Fig 1. Estimates of effects on cooperation of three orders of recursive trust in Experiment 1.

Experiment 2

A limitation of the first experiment was that third-order trust was only assessed with respect to information about Ego’s “true” trust label. The effect of third-order trust could therefore be distinguished from first-order trust only indirectly. In a second experiment we instead assigned trust labels arbitrarily, and each participant played under both labels.


One hundred four participants (48 women and 56 men) were recruited from the same pool of volunteering students at Stockholm University.


Participants were shown to separate cubicles where, using a computer provided, they played a sequence of one-shot stag hunt games with different anonymous partners. Compared to Experiment 1, the game and the procedures were the same. Only the way trust labels were assigned differed between the experiments, as detailed below.


Conditions were the same as in Experiment 1B. After the no-information condition participants were told, in translation, that “all participants have arbitrarily been assigned a ‘trust label’ that describes low or high trust in other people”. Conditions ad:abc and abc:ad were played with these labels. Participants were then assigned the other trust label and played the same conditions again. The order of trust labels was randomised. Conditions were defined by the following information, and are summarised in Table 3:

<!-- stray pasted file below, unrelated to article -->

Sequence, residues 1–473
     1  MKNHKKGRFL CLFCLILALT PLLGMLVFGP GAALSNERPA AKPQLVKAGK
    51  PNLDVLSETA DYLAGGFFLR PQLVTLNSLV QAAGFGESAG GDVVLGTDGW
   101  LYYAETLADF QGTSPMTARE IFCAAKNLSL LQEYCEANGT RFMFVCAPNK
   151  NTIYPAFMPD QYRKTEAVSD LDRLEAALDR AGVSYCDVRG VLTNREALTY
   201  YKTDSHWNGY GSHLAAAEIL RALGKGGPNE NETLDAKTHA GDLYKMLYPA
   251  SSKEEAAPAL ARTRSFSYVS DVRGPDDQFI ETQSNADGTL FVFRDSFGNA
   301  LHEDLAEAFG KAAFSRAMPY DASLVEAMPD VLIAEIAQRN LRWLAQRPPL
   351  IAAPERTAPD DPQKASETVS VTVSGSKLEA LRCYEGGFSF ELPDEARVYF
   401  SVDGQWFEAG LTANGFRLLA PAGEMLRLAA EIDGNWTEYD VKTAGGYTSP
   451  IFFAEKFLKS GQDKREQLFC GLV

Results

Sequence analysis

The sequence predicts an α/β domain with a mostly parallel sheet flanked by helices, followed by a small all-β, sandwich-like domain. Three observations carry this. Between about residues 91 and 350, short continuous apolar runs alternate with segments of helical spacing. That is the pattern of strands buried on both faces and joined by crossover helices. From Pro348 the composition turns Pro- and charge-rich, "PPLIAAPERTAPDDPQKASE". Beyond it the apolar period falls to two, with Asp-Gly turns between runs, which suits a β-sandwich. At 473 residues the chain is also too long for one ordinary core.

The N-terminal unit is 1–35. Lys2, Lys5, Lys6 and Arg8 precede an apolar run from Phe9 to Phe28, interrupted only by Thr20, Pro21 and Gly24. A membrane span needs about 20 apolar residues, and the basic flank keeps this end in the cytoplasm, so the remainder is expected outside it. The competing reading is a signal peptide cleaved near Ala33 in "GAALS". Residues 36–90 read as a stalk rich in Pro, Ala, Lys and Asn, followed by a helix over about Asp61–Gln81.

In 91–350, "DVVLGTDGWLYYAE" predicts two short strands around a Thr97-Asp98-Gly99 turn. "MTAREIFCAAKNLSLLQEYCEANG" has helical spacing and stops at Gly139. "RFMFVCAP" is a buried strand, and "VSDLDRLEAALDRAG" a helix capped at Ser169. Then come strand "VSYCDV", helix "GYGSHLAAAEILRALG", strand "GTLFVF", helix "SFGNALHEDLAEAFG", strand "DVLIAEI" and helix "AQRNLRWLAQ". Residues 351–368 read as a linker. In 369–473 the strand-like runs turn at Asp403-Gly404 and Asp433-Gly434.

1. ad. You are described as having [low/high] trust in other people. Your partner is informed about your trust label. You will not be informed about your partner’s trust label, and he/she knows this.
  2. abc. You are described as having [low/high] trust in other people. Your partner does not know your trust label. Your partner’s trust label is that he/she has [low/high] trust in people. Your partner knows that you have been informed about his/her trust level.


Second-order trust.

In the condition where Alter’s trust label was common knowledge (abc:ad), cooperation was chosen more often when Alter was a high truster, regardless of whether Ego was labelled a low or a high truster, both p <.001 (χ2 = 25.4 and 34.9, respectively), McNemar tests. Averaged across Ego’s both trust labels, cooperation was chosen 67% of the time with high trusters compared to 27% with low trusters, a difference of 40 percentage points. The results were similar also when doing a between-subject comparison for the first round (subjects cooperate towards high trusters 71% of the time, and towards low trusters 26% of the time), showing that ordering is not important.

Third-order trust.

In the condition where Ego’s trust label was common knowledge (ad:abc), cooperation was chosen more often when Ego was assigned the label of high truster, 59%, vs. low truster, 25%, p <.001 (χ2 = 21.8), McNemar test. This is a difference of 31 percentage points. Again, the results persist also when doing a between-subject comparison for the first round (high trusters cooperate 57% of the time, low trusters 29%), confirming that ordering is not important.